Zanella Alberto,Mangili Paolo,Giani Marco,Redaelli Sara,Scaravilli Vittorio,Castagna Luigi,Sosio Simone,Pirrone Federica,Albertini Mariangela,Patroniti Nicolò,Pesenti Antonio
The Journal of heart and lung transplantation : the official publication of the International Society for Heart Transplantation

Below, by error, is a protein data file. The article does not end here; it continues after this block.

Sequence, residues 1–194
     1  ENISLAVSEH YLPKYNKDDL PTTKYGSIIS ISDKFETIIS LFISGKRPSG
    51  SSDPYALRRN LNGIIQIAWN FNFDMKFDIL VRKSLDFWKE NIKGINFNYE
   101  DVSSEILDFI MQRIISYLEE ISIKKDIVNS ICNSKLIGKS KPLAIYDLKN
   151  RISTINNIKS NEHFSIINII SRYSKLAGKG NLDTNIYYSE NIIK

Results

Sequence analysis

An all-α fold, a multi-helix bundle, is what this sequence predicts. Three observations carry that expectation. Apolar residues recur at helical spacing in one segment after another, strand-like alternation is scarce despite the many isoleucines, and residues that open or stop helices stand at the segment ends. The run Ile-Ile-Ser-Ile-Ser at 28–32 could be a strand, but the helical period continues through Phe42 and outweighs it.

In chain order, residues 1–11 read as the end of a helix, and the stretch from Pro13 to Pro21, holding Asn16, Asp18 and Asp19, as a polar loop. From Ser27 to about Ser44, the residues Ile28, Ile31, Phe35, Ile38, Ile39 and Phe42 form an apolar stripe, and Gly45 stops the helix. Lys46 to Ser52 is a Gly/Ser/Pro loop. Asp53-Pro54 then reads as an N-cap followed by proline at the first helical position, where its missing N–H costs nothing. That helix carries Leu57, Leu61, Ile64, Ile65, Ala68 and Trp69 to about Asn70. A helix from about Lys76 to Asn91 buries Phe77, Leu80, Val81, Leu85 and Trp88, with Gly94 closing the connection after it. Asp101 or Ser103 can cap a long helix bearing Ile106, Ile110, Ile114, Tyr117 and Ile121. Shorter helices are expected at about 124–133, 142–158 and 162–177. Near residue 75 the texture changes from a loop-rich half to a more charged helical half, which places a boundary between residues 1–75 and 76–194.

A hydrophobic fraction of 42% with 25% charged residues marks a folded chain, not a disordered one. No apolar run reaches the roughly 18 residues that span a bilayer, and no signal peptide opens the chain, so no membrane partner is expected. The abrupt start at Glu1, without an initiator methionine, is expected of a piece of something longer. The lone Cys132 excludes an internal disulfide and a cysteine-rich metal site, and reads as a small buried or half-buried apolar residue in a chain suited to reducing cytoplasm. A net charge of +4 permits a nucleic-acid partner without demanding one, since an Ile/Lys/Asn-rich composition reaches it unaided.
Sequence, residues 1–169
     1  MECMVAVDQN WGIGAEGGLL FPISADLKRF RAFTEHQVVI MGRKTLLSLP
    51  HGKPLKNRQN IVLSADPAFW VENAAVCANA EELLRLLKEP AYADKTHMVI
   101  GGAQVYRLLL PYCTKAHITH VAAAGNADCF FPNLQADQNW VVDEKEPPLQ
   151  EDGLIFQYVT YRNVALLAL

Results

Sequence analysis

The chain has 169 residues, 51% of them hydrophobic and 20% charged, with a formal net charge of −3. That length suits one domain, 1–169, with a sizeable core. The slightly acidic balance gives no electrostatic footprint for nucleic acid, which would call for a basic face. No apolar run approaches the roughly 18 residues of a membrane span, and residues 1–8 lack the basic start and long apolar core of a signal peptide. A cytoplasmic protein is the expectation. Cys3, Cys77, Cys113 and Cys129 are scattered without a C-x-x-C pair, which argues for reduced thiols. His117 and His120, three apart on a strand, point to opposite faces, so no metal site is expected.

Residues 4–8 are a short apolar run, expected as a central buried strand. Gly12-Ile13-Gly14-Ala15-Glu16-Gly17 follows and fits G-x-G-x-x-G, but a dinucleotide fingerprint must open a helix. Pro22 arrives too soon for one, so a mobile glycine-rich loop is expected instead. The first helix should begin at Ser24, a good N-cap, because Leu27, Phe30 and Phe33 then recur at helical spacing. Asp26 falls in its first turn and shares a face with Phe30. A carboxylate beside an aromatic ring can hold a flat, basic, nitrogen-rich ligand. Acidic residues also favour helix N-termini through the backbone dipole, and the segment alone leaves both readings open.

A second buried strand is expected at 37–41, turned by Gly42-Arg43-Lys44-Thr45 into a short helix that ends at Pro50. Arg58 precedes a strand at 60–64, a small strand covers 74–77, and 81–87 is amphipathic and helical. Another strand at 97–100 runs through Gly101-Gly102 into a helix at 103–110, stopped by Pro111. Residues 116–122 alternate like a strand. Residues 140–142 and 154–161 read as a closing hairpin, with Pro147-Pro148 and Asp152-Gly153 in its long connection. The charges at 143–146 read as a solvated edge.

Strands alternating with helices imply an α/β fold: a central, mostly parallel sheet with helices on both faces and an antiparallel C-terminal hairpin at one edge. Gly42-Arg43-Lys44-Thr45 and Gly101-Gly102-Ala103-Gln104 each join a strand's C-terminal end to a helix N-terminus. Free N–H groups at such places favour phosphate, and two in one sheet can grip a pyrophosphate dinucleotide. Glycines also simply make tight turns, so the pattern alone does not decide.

BACKGROUND:Extracorporeal (EC) carbon dioxide (CO(2)) removal (ECCO(2)R) may be a powerful alternative to ventilation, possibly avoiding the need for mechanical ventilation and endotracheal intubation. We previously reported how an infusion of lactic acid before a membrane lung (ML) effectively enhances ECCO(2)R. We evaluated an innovative ECCO(2)R technique based on ventilation of acidified dialysate. METHODS:Four swine were sedated, mechanically ventilated, and connected to a venovenous dialysis circuit (blood flow, 250 ml/min). The dialysate was recirculated in a closed loop circuit including a ML (gas flow, 10 liters/min) and then returned to the dialyzer. In each animal, 4 different dialysis flows (DF) of 200, 400, 600, and 800 ml/min were evaluated with and without lactic acid infusion (2.5 mEq/min); the sequence was completed 3 times. At the end of each step, we measured the volume of CO(2)R by the ML (V(co2)ML) and collected blood and dialysate samples for gas analyses. RESULTS:Acid infusion substantially increased V(co2)ML, from 33 ± 6 ml/min to 86 ± 7 ml/min. Different DFs had little effect on V(co2)ML, which was only slightly reduced at DF 200 ml/min. The partial pressure of CO(2) of blood passing through the dialysis filter changed from 60.9 ± 3.6 to 37.1 ± 4.8 mm Hg without acidification and to 32.5 ± 5.3 mm Hg with acidification, corresponding to a pH increase of 0.18 ± 0.03 and 0.03 ± 0.04 units, respectively. CONCLUSIONS:Ventilation of acidified dialysate efficiently increased ECCO(2)R of an amount corresponding to 35% to 45% of the total CO(2) production of an adult man from a blood flow as low as 250 ml/min.